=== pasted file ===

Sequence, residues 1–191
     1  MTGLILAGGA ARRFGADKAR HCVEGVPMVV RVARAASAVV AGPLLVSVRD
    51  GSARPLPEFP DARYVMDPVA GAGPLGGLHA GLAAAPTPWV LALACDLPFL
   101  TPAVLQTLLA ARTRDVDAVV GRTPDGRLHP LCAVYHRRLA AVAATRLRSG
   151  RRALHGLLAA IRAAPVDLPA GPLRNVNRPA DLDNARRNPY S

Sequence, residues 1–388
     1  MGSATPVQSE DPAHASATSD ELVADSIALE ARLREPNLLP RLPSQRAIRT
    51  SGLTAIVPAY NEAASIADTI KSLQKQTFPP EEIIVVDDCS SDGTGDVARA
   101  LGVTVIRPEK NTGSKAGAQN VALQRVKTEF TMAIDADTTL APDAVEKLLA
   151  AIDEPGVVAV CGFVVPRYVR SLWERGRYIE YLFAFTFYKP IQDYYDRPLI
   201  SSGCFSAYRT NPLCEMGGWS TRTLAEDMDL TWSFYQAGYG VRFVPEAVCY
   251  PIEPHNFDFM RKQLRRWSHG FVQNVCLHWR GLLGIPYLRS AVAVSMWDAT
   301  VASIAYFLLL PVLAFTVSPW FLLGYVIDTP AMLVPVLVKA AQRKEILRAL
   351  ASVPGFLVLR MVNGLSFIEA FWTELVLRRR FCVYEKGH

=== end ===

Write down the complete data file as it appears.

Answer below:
Sequence, residues 1–191
     1  MTGLILAGGA ARRFGADKAR HCVEGVPMVV RVARAASAVV AGPLLVSVRD
    51  GSARPLPEFP DARYVMDPVA GAGPLGGLHA GLAAAPTPWV LALACDLPFL
   101  TPAVLQTLLA ARTRDVDAVV GRTPDGRLHP LCAVYHRRLA AVAATRLRSG
   151  RRALHGLLAA IRAAPVDLPA GPLRNVNRPA DLDNARRNPY S

Sequence, residues 1–388
     1  MGSATPVQSE DPAHASATSD ELVADSIALE ARLREPNLLP RLPSQRAIRT
    51  SGLTAIVPAY NEAASIADTI KSLQKQTFPP EEIIVVDDCS SDGTGDVARA
   101  LGVTVIRPEK NTGSKAGAQN VALQRVKTEF TMAIDADTTL APDAVEKLLA
   151  AIDEPGVVAV CGFVVPRYVR SLWERGRYIE YLFAFTFYKP IQDYYDRPLI
   201  SSGCFSAYRT NPLCEMGGWS TRTLAEDMDL TWSFYQAGYG VRFVPEAVCY
   251  PIEPHNFDFM RKQLRRWSHG FVQNVCLHWR GLLGIPYLRS AVAVSMWDAT
   301  VASIAYFLLL PVLAFTVSPW FLLGYVIDTP AMLVPVLVKA AQRKEILRAL
   351  ASVPGFLVLR MVNGLSFIEA FWTELVLRRR FCVYEKGH